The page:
Regional differences in hi-fi are so vast -- whether discussing what defines great sound quality, local methods of retailing, or individual brands' success -- that one must marvel at how print magazines ever garnered global sales. Even if language wasn't an issue, the content, findings and opinions were. Websites, despite instant global access, probably reflect local concerns more than their webmasters care to admit, because taking a stand against multiculturalism brands one a racist.
Face it: what suits a French audiophile might drive a Hong Kong enthusiast to tears, while Americans could never truly grasp how the British could live with such small speakers. The British could never put up with the German lust for screeching highs, and don't even try to figure out why a Japanese music lover would squeeze a pair of Tannoy GRF Corner Horns into an 8' x 10' room.
To proceed further, I must explain that my own world view, though forged in the USA prior to 1972, has been tempered by life in the UK ever since. Thus I have a genetic predisposition toward huge loudspeakers with frighteningly quick transient attack, massive amps with wide dynamics, and a truly three-dimensional soundstage.
Moderating this is my adopted appreciation for the still-influential BBC-in-the-1950s/1960s obsession with midrange neutrality and realistic voices (including spoken rather than singing), a disdain for deep bass, utter disbelief of and/or refusal to acknowledge soundstage depth, and a sniffy attitude toward scale and power.
In practice, rather than turn into a schizophrenic, I took the best of both. Now I value mid-band neutrality over all other considerations, insist on a convincing soundstage, and do not assume a system "sucks" if it lacks nausea-inducing bass. If this suggests a curious mix of headbanging and effeteness, so be it. It works for me.
I mention this so you can take anything I say with the necessary multinational grains of salt that might be needed to understand a recent glimmer of hope in the presentation of high-end audio in the UK. If there's any justice, the look and attitude of London's KJ West One will spread globally.
You might think, "Bugger the Brits -- what do they know? Isn't it a now a third-world country masquerading as civilized?" While that is true -- you're more likely to be mugged in Mayfair than Manhattan -- the fact is, when it comes to selling luxury, London is matched by only a tiny sliver of Paris. New York's finest sales personnel wish they had English accents and a knack for tying perfect knots in their Hermes ties. And every upscale establishment from Hong Kong to Honolulu to Hamburg pretends that it has English DNA.
While KJ is actually owned by individuals of non-British origin, this long-established retailer has had a makeover worthy of a Cartier boutique. It is not filled with scuzzy audiophiles lording over poor saps because they don't know what SRA is. You do not see dirty coffee cups sitting atop the speakers. You are not bombarded with hobbyist gibberish upon asking a simple question. To put it another way, it's so professional and respectful that you could almost be in a Ferrari showroom.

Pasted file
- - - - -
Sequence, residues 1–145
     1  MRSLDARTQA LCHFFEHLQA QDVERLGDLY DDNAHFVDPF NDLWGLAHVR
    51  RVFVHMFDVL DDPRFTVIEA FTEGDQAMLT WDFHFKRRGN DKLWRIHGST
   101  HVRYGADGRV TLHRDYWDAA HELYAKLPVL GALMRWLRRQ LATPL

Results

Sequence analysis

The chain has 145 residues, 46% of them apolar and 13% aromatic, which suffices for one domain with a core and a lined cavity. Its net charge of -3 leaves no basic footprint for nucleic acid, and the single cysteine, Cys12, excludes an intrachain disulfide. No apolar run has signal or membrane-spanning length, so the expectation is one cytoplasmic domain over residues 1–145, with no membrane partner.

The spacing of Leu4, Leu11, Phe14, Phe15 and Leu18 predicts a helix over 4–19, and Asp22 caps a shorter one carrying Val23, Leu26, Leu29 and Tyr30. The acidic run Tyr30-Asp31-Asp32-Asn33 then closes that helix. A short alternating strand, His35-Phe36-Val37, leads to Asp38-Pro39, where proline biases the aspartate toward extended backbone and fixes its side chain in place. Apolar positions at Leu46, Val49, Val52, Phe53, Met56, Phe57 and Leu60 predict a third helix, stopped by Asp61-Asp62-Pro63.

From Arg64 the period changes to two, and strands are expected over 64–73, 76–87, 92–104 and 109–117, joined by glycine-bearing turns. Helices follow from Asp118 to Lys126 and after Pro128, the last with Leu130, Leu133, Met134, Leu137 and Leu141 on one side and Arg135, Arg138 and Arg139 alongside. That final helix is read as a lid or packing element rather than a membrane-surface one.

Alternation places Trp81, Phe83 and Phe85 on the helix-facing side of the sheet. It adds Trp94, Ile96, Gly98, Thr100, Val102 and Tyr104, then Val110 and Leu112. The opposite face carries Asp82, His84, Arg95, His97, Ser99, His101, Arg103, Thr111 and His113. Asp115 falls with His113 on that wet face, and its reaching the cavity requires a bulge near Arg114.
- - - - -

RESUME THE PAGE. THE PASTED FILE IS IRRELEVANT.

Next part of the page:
They stock the likes of Devialet, Krell, Quad, Forte, Wilson, MartinLogan. They know what they're selling. They can eke out sounds to bring tears to your eyes. They just don't act like geeks, and they don't assume that everyone who walks through the door is a charter subscriber to Stereophile.
Their catchment area -- London -- may be a past-its-sell-by-date hotbed of left-wing, politically correct hypocrites, but it is also host to more people with serious money than any burg outside of Monaco. And, in deference to the opening paragraph, it is said that 70 percent of all the luxury goods sold in London go to "foreigners": Russian, Chinese, Indian. (And now the wealthy French, who have been driven from Paris by the forthcoming 75% income tax rate.)
What KJ did that was so revolutionary was to take exhibition space at SalonQP, an annual event that hosts 50 or so high-end watch brands. Thus, they exposed an audience indoctrinated with B&O and Bose and with the actual means to buy high-end equipment -- unlike most of those who attend hi-fi shows -- to sound systems that they would otherwise never have encountered.
It's too early to know if any of the contacts made at SalonQP have been converted into sales, but it is noteworthy that among those manning the KJ stand were staff who could speak Italian, Russian, Portuguese, Spanish, Polish, French, and a few other tongues. Which makes a welcomed change from hi-fi sales persons who speak only audiophile gibberish.
. . . Ken Kessler